It causes excess saliva and dry mouth. And, in the elderly, death.
Kel started using a transdermal patch called clonidine, which works by lowering your blood pressure to decrease the severity of tics, but all he got were chest pains. That's because Kel was in the unlucky 20 percent of Tourette's syndrome patients that clonidine doesn't do jack for. Fortunately, he wasn't out much for the relatively inexpensive patches, but tons of patients have sunk build-your-own-mech amounts of money into supposed miracle procedures that don't do a thing.
Tyler's family spent $30,000 on intravenous immunoglobulin (IVIg) -- twice -- hoping to treat the underlying autoimmune disorder that causes his Tourette's syndrome. Somebody forgot to tell them that IVIg hasn't actually been proved effective for his particular disorder. We're sure the hospitals didn't cash those checks yet, though. They'd probably be happy to refund all that dough.
"Oh, come on. That's no more expensive than like six aspirins."
Deep brain stimulation is a much-hyped procedure that Ben is considering. It consists of an electrical device surgically implanted in your brain to short circuit the errant signals. That's some pretty awesome-sounding sci-fi-caliber stuff, but unfortunately, it has turned out not to be as promising as the study authors had hoped. It's less effective for verbal tics than physical ones, and even Ben's doctor agrees that it's not ready to treat Tourette's syndrome.
Christie had the procedure anyway, and she says it has made her tics less severe, but they're still not gone completely. While she's less reliant on her wheelchair, she still needs snuggles from her service dog to help calm her. We really hope some doctor prescribed those in a high-stakes medical setting: "Nurse, this woman needs 1,500 ccs of nuzzles, stat!"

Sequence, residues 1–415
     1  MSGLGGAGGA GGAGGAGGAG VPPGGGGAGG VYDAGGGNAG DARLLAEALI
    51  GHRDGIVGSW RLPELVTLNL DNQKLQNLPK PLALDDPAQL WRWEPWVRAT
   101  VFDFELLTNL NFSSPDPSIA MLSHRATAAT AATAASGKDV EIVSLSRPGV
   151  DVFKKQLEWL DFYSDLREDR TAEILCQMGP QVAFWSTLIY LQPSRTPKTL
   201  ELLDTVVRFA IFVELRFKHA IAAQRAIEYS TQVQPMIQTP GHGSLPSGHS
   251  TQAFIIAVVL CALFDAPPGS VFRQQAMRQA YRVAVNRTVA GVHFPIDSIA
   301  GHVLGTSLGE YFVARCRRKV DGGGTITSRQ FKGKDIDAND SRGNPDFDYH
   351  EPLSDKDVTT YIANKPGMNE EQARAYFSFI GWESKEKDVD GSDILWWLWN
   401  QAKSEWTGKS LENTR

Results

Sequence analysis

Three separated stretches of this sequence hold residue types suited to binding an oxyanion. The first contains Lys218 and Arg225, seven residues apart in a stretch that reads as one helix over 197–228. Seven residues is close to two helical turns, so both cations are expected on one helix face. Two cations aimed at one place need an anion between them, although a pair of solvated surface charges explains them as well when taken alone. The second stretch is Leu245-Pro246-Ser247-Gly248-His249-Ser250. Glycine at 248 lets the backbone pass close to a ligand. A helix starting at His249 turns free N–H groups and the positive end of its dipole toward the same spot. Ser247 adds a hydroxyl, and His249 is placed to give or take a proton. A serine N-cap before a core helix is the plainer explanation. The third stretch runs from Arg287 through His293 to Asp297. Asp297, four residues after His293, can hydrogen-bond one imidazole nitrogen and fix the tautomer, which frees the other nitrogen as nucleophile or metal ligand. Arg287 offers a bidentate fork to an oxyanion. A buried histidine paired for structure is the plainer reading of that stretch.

"But, doctor, that much nuzz-"
"Just get it done, damn it!"
Many Things Cause Tourette's-Like Symptoms, and You Could "Catch" Them
If you believe pop culture, diagnosing Tourette's syndrome is a simple matter of waiting for the patient to scream "SHITNAZIS," dutifully recording the presence of the Fecal Reich in a notebook, and then presenting them with a free badge to say anything they damn well please. But in reality, it is shockingly difficult to diagnose Tourette's syndrome. Many disorders can cause similar symptoms.
Some people have tourettism, but not Tourette's. Confused?
It's not uncommon for Tourette's syndrome to go hand in hand with OCD, as in Tyler's and Ben's cases, and it can be difficult to tell the difference between the two. Does Ben's relentless urge to twitch his neck three times on each side count as a compulsion or a tic? What about Tyler's "constant need to play with my face and hair, because sometimes they feel uneven"? Even they couldn't tell you.
Tyler's official diagnosis isn't Tourette's syndrome at all, but pediatric autoimmune neuropsychiatric disorders associated with streptococcal infections (which science has given the adorable acronym PANDAS -- who cares if it's skipping a word: PANDAS!). On the subject of how PANDAS causes tics, science has settled on a resounding "I dunno, Gypsy curse, maybe?"
This panda makes the corners of your lips curl upward involuntarily.
It likely has something to do with the way antibodies produced in response to viral infections get confused and attack the wrong cells. It can be brought on by something as common and simple as a case of strep throat.
Let's stress that point: Did you have strep as a kid? Take a moment now and pause to thank whatever divine entity you believe in (we suggest He-Man) for the lucky fact that you aren't uncontrollably flailing so hard that you break your own bones.
Related Reading: Did you know all those "safe weight loss" ads are modeled by wildly unhealthy people? Or that bed bugs means being covered in Vaseline all the time? Do you have a story to share with Cracked? Email us here.